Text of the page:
The lead cut, Ashes, to this 6-selection EP almost put me off the disc immediately. Poorly recorded, sloppy, amateur, half-hearted, it's an exercse in…well, I don't know what. The next cut, Graves of Soldiers, however, completely reverses that. Just Fedderson and two guitars, it's quintessential protest folk that aces cats like David Rovics, a simple but powerful statement of defeated anger. It seemed impossible that the integrity of this track came from the same musician who had just finished the previous one, but it had. Then erupts the raw unadorned lead line in the middle of the tune, stark and moving while short and to the point. Striking. The third cut straddles the line between the first two, revealing that Fedderson has a lot of really interesting ground-level rhythms and ideas but appears to be a split personality. The song is Easternly exotic, smacking of Kashmir, but his voice goes up a couple of octaves, the recording decays, etc. The fourth cut advances upwards from there but the fifth, Out of Everything, walks back to the searing lowburn intensity of Graves, another parable of extreme despair, now in an impassioned encantation proclaiming "I'm all out of everything / I don't believe in anything" over and over, simultaneously cataloguing a laundry list of modern loss, genuinely reaching down into the fraustrations of the heart. The disc closes out with a simple, short, overdubbed guitar instrumental nicely icing out the intonation of Graves and Everything, kinda Cat Stevens-ish a la Tea for the Tillerman. So, what we have here is a 50-percenter: 50% eh!, 50% wow!!!, but the Wow Factor is so damn affecting that Fedderson must be urged to follow his strong suit and, if he's gotta hang on to the rest, radically re-tailor them to his apogee.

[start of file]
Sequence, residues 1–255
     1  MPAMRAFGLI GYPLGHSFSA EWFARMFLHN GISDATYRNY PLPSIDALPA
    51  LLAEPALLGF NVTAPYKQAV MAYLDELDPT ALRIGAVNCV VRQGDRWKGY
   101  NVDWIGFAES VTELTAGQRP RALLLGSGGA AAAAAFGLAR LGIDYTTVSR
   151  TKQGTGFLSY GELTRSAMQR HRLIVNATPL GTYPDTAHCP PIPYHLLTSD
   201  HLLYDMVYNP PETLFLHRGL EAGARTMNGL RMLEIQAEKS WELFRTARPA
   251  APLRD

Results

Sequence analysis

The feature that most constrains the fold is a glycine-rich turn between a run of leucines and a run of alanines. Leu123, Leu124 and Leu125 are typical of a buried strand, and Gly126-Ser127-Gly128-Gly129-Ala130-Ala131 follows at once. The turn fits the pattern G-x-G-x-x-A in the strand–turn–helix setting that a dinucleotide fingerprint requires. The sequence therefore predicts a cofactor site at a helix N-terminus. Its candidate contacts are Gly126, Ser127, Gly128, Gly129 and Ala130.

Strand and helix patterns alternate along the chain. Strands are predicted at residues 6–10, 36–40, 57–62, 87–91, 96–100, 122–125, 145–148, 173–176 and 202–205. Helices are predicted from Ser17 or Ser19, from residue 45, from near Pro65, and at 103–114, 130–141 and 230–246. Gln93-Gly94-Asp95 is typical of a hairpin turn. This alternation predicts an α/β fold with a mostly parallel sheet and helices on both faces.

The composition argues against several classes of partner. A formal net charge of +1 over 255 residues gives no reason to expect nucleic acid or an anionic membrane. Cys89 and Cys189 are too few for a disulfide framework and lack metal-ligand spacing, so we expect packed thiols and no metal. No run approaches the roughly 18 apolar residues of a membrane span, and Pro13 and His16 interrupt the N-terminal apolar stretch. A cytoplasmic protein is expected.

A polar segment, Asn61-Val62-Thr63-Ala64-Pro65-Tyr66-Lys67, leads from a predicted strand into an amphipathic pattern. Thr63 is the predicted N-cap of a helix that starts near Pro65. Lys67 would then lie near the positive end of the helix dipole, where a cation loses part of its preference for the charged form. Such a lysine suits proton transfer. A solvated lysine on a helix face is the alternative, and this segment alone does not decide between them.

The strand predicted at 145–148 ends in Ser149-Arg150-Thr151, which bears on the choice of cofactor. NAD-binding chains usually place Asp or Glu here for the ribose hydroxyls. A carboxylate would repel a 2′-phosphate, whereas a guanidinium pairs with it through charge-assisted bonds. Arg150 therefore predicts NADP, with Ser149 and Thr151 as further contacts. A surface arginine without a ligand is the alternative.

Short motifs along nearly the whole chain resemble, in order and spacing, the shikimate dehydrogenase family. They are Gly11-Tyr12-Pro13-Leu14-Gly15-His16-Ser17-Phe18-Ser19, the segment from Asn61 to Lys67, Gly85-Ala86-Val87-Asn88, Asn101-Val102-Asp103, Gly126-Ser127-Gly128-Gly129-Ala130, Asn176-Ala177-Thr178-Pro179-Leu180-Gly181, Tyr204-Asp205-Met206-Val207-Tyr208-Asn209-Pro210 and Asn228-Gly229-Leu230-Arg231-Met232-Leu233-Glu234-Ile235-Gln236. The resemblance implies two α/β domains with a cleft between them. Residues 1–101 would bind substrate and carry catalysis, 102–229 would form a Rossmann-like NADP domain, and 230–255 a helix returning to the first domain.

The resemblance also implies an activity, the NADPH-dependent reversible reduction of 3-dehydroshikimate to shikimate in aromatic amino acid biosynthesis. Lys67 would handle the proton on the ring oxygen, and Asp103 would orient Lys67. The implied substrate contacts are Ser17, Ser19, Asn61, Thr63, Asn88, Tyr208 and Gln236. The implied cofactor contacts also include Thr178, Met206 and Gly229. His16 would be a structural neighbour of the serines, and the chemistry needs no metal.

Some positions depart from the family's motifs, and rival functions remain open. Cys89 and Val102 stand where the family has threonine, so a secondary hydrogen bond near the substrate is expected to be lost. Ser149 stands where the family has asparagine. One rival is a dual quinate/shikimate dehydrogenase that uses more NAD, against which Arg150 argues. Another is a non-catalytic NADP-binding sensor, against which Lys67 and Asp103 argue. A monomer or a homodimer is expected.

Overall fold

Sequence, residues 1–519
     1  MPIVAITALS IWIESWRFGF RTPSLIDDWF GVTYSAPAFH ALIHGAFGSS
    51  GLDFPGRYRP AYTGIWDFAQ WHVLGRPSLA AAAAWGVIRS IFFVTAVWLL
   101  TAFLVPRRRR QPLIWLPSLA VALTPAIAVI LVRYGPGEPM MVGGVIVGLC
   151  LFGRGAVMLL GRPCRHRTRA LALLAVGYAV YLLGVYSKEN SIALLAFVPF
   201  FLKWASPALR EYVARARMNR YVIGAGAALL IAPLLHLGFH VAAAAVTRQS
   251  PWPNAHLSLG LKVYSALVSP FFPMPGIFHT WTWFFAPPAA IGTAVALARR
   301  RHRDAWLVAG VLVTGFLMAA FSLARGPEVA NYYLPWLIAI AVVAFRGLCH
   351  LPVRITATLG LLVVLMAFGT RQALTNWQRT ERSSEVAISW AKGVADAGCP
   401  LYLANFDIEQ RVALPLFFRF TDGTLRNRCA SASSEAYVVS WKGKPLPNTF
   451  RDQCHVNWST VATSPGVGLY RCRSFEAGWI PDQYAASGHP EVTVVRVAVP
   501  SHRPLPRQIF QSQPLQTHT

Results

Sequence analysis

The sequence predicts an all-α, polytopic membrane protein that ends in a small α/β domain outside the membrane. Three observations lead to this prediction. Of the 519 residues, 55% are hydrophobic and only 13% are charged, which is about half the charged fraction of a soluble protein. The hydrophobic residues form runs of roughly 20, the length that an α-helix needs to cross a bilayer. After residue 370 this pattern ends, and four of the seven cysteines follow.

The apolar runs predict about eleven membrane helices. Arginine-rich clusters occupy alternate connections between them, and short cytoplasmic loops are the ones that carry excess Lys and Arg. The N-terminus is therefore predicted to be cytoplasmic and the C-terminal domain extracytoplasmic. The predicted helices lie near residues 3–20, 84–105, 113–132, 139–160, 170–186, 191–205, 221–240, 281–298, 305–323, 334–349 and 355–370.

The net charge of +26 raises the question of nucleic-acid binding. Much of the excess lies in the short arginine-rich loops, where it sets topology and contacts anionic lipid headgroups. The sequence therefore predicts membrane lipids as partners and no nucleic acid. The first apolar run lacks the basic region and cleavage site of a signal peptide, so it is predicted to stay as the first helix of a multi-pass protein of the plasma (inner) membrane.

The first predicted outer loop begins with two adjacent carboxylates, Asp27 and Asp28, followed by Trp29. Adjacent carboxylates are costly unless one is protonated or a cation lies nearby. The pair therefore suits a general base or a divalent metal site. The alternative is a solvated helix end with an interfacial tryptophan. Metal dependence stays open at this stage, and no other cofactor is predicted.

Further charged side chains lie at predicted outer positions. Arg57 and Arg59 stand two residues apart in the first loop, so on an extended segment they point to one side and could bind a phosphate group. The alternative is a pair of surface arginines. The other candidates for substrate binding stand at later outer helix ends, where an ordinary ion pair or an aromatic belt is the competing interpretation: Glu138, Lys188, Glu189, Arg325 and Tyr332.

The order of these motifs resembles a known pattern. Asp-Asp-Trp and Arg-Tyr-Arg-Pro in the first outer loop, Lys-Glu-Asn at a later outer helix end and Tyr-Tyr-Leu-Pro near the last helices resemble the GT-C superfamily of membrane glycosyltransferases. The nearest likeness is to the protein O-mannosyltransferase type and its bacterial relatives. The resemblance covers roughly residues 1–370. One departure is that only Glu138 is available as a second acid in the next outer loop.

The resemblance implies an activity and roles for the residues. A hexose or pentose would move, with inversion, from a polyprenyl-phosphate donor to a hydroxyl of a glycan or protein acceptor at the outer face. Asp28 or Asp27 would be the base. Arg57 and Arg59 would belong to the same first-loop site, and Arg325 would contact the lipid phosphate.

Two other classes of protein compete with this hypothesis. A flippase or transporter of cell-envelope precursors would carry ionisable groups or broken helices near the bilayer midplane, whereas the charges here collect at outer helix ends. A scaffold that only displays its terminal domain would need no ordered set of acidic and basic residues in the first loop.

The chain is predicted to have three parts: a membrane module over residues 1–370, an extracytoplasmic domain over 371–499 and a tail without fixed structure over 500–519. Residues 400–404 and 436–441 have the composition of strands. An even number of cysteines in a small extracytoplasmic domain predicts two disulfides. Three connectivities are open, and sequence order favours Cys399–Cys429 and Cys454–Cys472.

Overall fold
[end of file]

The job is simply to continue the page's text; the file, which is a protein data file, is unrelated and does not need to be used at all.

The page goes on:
Edited by: David N. Pyles
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